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Polishing Jewel Settings

From Horology magazine, December, 1937

Polishing Jewel Settings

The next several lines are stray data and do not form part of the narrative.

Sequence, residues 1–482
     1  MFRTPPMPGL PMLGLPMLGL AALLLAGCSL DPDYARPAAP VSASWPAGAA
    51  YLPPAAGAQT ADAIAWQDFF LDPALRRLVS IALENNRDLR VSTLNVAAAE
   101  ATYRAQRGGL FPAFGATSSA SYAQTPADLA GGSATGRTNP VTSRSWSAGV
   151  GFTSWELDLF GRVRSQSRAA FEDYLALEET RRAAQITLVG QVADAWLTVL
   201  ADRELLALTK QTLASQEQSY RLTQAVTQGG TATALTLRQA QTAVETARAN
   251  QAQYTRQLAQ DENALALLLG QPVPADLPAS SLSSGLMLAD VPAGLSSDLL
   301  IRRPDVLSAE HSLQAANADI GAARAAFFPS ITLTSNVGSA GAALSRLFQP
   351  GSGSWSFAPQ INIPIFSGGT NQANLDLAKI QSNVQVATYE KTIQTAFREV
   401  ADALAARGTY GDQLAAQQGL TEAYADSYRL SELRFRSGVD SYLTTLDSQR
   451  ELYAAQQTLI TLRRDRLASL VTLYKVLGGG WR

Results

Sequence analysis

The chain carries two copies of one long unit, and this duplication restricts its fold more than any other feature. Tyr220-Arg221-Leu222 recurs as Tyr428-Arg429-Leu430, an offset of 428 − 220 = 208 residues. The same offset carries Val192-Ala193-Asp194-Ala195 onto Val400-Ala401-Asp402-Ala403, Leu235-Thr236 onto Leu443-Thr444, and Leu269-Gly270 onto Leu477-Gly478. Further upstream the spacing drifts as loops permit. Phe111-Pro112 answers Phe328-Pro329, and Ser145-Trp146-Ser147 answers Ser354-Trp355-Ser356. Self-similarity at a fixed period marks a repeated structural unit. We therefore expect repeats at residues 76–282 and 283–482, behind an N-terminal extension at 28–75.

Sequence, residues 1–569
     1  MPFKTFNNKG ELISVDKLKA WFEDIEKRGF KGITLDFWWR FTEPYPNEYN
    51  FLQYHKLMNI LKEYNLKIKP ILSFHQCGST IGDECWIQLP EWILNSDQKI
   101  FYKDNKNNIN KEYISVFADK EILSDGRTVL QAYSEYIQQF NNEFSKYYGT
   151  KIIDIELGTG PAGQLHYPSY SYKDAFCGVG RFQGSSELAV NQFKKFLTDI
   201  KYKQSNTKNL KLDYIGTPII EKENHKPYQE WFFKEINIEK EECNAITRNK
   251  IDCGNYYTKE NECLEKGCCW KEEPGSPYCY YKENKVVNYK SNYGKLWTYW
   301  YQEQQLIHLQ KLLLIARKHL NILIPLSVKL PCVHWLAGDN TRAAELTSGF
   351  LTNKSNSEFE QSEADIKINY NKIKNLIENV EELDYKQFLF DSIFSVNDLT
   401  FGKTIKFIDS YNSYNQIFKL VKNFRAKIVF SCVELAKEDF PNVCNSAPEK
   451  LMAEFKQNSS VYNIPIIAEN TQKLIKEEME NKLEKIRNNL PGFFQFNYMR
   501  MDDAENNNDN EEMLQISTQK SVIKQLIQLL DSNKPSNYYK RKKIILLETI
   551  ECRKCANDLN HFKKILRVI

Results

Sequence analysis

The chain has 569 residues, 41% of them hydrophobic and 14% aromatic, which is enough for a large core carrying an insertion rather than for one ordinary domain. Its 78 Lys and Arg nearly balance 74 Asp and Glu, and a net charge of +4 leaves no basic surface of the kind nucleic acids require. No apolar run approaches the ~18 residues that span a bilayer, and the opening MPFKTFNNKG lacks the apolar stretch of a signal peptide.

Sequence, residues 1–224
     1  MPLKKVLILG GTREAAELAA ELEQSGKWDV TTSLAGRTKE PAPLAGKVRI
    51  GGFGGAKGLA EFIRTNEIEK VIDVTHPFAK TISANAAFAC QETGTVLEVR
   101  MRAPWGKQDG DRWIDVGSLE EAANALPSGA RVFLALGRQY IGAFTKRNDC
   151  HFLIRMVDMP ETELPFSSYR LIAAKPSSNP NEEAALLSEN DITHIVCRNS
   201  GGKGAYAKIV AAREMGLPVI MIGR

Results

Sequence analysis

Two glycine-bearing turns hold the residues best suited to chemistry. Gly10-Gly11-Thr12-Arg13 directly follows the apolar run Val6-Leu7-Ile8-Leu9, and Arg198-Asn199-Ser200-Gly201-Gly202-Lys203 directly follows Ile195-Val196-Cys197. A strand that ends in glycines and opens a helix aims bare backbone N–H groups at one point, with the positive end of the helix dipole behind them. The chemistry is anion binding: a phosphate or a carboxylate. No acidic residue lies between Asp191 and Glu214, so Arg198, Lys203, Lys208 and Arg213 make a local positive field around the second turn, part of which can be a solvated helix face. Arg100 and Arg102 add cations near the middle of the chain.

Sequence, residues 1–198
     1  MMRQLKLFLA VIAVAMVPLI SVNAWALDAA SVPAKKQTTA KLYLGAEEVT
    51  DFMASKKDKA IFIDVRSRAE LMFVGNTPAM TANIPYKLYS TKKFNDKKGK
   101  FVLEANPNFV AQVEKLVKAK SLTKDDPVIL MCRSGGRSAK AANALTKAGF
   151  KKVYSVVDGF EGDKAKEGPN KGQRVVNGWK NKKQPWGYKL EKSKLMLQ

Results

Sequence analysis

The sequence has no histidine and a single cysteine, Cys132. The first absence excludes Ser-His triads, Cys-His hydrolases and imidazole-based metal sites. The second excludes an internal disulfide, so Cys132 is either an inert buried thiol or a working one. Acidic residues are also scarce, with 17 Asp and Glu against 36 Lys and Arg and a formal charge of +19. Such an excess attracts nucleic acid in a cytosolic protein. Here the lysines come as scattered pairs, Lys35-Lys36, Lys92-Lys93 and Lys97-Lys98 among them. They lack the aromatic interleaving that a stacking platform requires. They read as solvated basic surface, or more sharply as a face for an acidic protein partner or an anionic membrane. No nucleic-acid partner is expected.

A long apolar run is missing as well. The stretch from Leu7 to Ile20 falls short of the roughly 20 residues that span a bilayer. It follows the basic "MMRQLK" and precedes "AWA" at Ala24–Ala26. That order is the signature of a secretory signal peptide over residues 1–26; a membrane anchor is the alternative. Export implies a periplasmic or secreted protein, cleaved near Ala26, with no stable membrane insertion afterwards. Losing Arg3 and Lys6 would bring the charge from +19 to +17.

OFTEN when cleaning watches you have felt the need for a brighter finish to your jewel settings. Some settings come out quite clean but dull, others seem to retain a tarnish that does not seem to come off. In fact, you would be better pleased if the jewel settings could have that factory-like finish bright, sparkling. It makes the sensitive workman feel as though his cleaning job has been neatly done. Settings that are marred, or pitted or show some sign of corrosion, need special treatment besides ordinary cleaning. For jewel settings that are really bad you need only three things, which I believe all are familiar with. Sharp knife, hard pith wood, which is usually used for cleaning pivots and pinions, and very fine sapphirine or diamantine, used for polishing balance pivots, arbors, etc. You merely cut the hard pith wood to a cone, tapered to fit into the smallest jewel setting first. Place a very small amount of polishing compound, thinned with oil, near the point of the sharpened cone and place into the setting, rotate with fingers and thumb. See sketch. While doing this, the cone compresses somewhat and prepares itself for the next larger setting in which it should be rotated again, then the next larger and finally the largest.  You next resharpen another piece of pith and go over the process using no polishing compound. At this time your setting will show a brighter appearance, and you may repeat a third time if necessary. If the used cones are in good condition, save them for the next job. A few trials will convince you that it does the job well and requires less time than it does to explain how. Cleaning jewel settings should at all times be done before the regular cleaning methods are begun, since the adhering polishing compound must be cleaned out of the jewels and settings. Preferably scrubbed out with brush and benzine. If you do not use pith or any of the polishing compounds, you may if you have on hand, use cone shaped felt or paper stomps, although neither work as well. You can also polish with vienna lime, tripoli, and rouge.

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